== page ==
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Josie's almost six and zomg, she's a kid. I always knew it would happen I just didn't understand when or know all the signs to look for. It's gradual. You know your baby will be a toddler when she toddles, aka walks unsteadily on two legs. That's the milestone. Then you know they're supposed to talk. Then what?

Josie can get out a bowl and spoon, make herself a bowl of cereal with milk, take it to the living room, plop down on the couch, bring up Adventure Time on Hulu and laugh at the jokes.

She can put on her shoes and socks, get in the car and buckle her seatbelt. Non-parents do not understand the miraculous independence you feel when your kid can buckle themselves in!

And then there's the bike, which worries me a little bit but whatever. We got Josie a bike for her 4th birthday. It had training wheels on it. A few months ago it was in the garage in a weird place and I accidentally ran over one of the training wheels. I was pissed off and replacements weren't that easy to find so I was like screw it, let's just take them off. Then we didn't really ride for a while because it was winter. Then we decided to go try it. The first day was tough but if I helped her get started, she could pedal a few times before falling over, I'd count 2 3 4 and sometimes nine or ten pedals on a good run. She was frustrated trying to get the pedals in the exact starting configuration, just couldn't get the hang of it. The second time we went out on the streets there were more of those "nine or ten" occurrences. Third or fourth night, she just kinda took to it, once I told her to focus out in the distance, keep the handle bars straight, a few little pointers, and it reminded me of when she learned to walk... you just stop counting steps, and it's laps around the house.

So today was the 5th or 6th time we've been out and she was really going. There's a little bike path by the park a half mile or so from our house so Olive and I played and Josie tried to ride around the path. I could see her, and she kept getting stuck at this uphill bit, so she kept trying to go really fast towards it and losing control, but at least she'd lose control in the grass. And she had fun going fast. The training wheels were slowing her down, I realized. Now she can lean into curves. Actually it's really dangerous. Her bike has two kinds of brakes, a hand brake and the coaster brake, and she's not interested in learning to use either of them despite my prompting and trying to focus today's lesson on "BRAKES!" she just runs into stuff, yells a little, picks up the bike and goes for it again, refusing to try to go the other way or walk her bike up the hilly part.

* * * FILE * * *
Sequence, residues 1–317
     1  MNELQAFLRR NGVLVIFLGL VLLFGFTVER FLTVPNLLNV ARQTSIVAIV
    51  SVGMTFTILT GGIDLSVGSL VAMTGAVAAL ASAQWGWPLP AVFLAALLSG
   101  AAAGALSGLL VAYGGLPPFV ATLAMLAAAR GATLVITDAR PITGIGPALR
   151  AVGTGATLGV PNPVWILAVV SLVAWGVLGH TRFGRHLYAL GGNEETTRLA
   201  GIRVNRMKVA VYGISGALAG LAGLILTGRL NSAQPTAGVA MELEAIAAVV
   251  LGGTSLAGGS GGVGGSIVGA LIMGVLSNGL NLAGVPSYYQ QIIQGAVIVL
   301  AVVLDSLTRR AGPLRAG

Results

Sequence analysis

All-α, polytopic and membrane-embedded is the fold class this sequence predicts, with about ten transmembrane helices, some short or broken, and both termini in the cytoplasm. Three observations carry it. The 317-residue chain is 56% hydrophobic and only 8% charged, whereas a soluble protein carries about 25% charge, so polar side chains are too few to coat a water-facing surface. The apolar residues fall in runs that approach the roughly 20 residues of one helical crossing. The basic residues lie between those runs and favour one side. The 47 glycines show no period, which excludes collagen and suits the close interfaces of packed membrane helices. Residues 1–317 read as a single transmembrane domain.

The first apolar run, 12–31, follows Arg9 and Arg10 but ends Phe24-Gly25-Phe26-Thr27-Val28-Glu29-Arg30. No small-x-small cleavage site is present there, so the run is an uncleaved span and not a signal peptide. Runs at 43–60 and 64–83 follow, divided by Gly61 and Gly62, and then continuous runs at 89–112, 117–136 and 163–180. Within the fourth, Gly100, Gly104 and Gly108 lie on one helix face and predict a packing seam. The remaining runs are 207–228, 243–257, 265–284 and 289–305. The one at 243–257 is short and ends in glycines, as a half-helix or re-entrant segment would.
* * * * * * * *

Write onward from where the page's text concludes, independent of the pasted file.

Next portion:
We go roller skating about once a month too, that's another activity where the "go slow until you learn" idea is just not something she's into. so okay, fine kid, fall on your face, but your center of gravity is only getting higher.

I think I'm going to take her shopping for a new helmet. She's got one but it's two years old, I'm not sure it fits right. I think she needs one that fits perfectly.


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( 10 comments — Leave a comment )
May. 19th, 2016 12:02 am (UTC)
Based on what you described I would agree that she needs a well fitting helmet. Lol!
May. 19th, 2016 12:31 am (UTC)

I hope you find a cool one that she likes to wear.

Edited at 2016-05-19 12:32 am (UTC)
May. 19th, 2016 01:25 am (UTC)
ahaha your kid is so different from my kid. :) so funny to see how differently they handled learning the bike.
May. 19th, 2016 01:59 am (UTC)
My son was one of those kids who seemed to be made of rubber and never met an extreme sport he didn't like, as well. I wish you strength for the next decade or two as you live with your heart in your mouth while your fearless child has a blast.
May. 19th, 2016 02:13 am (UTC)
It took a long time to get our son to ride his bike safely. He had a hard time steering so he'd go careening into the middle of the street pretty often. Even when it was intentional, he rarely looked before he went.
He's 9 now and I just now feel comfortable letting him go up and down the surrounding streets without me...
May. 19th, 2016 02:32 am (UTC)
You may already know that helmets are pretty much disposable: one hit and they're done. I replace mine every two or three years whether or not it's had a big impact, on the theory that bashing around in my car on the way to races or getting whacked into low-hanging tree branches probably counts as cumulative damage.
May. 19th, 2016 02:55 pm (UTC)
I can't wait til my kids are big enough to go biking. I really want to get little child seats to put on ours bikes for them. I need to make time to go get some. They would really enjoy it.
May. 19th, 2016 09:41 pm (UTC)
Both our boys (4 and 2) started on those balance bikes, no training wheels, just foot-to-the-ground pushing. Tristan, Child #1, zooms around and glides quite well. Kelhan can do short, balanced glides and doesn't get left too far behind.
May. 20th, 2016 01:46 pm (UTC)
I had a friend who started theirs on a balance bike. I totally see how it would make learning to ride a real bike a lot easier! The pedaling part can be learned on a trike or picked up pretty easily, balance is an art!
May. 23rd, 2016 03:19 am (UTC)
Alice is three. It's still seeming miraculous to me that one day she might do all that!
( 10 comments — Leave a comment )

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